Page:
BBC admits to destroyed files related to Princess Diana’s bombshell Panorama interview

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BBC admits files related to Princess Diana’s bombshell Panorama interview are being destroyed – despite previously saying there was no evidence it had done so

  • The BBC has admitted to having destroyed documents related to the Panorama interview
  • A request for freedom of information asked for documents related to the interview
  • The BBC changed their response after the Mail on Sunday disputed their response

The BBC has admitted to having destroyed documents pertaining to Princess Diana’s bombshell Panorama interview – despite previously saying there was no evidence it had done so.

The Mail on Sunday filed a Freedom of Information petition last year asking the Corporation to provide a list of all files related to the controversial 1995 TV interview that had been destroyed since 2018. The BBC replied: ‘No archived files have been destroyed since 2018. or at an earlier date, with Panorama and Diana Princess of Wales in the title. ‘

But it has now changed its position after the MoS challenged the original response, saying relevant documents in four different files had either been destroyed or ‘not preserved’.

The BBC has admitted to having destroyed documents related to Princess Diana's packed Panorama interview, despite previously saying there was no evidence it had done so

The BBC has admitted to having destroyed documents related to Princess Diana’s bombshell Panorama interview – despite previously saying there was no evidence it had done so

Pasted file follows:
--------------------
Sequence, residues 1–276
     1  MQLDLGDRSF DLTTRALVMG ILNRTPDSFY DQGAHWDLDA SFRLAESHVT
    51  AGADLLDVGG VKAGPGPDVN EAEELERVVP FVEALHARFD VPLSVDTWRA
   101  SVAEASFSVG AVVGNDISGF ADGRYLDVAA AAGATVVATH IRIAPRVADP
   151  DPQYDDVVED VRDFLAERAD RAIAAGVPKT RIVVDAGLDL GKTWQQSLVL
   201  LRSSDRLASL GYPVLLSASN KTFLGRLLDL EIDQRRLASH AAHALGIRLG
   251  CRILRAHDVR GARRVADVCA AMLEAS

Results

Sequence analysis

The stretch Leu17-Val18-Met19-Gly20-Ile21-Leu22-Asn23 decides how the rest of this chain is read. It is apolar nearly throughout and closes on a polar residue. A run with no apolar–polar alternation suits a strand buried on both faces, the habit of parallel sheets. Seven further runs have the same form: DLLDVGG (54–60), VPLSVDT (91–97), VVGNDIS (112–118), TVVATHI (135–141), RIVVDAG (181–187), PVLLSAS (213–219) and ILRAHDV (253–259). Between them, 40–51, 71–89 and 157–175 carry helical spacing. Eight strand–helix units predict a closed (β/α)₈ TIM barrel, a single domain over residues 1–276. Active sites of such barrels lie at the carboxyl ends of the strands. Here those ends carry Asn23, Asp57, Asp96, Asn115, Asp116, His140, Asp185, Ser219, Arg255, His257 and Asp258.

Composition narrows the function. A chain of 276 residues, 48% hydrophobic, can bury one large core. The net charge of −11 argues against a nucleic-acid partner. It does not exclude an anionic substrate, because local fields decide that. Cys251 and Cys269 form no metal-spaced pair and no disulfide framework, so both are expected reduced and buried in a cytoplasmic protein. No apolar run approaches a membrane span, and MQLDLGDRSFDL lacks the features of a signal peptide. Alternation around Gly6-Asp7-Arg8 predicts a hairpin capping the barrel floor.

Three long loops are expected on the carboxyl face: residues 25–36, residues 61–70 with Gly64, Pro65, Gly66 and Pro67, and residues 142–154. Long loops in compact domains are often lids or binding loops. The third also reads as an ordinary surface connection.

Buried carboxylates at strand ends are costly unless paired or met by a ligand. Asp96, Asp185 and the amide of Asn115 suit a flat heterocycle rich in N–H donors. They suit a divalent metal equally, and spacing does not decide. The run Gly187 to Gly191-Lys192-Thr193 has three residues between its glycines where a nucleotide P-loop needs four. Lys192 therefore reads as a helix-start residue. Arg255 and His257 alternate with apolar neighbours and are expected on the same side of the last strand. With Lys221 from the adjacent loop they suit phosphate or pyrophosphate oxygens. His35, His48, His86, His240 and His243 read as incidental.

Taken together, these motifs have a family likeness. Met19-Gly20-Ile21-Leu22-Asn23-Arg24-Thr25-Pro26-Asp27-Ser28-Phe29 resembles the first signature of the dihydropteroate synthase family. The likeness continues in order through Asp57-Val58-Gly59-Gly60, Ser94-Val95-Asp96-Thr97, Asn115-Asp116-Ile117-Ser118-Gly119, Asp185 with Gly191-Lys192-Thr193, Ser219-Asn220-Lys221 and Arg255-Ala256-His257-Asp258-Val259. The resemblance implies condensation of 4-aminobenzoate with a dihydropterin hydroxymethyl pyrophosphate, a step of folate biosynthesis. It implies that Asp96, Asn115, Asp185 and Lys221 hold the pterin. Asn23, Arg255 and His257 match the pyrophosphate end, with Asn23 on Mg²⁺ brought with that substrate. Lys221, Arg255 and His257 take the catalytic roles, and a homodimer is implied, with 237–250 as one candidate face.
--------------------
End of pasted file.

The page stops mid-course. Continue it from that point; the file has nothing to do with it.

The Mail on Sunday filed a Freedom of Information request last year, asking the Corporation for a list of all files related to the controversial 1995 TV interview that had been destroyed since 2018.

The Mail on Sunday filed a Freedom of Information request last year, asking the Corporation for a list of all files related to the controversial 1995 TV interview that had been destroyed since 2018.

The Mail on Sunday filed a Freedom of Information request last year, asking the Corporation for a list of all files related to the controversial 1995 TV interview that had been destroyed since 2018.

It said the documents, destroyed between 2004 and 2009, had “little archival value” or were “duplicates of other records,” but could not identify them “because it contains no further information.”

Tory MP Andrew Bridgen said: ‘The BBC needs to know for sure what documents it destroyed or how does it know it destroyed documents? They are evasive. ‘

A BBC spokesperson said a more ‘detailed search’ had uncovered the additional information.

The admission came when it was revealed that license fee payers have to pay the legal bill for Martin Bashir, 58, who is accused of lying to secure the interview with Diana.

The BBC said last night, “In line with standard practice, we provide a finite fee for legal support where former or current staff must participate.”

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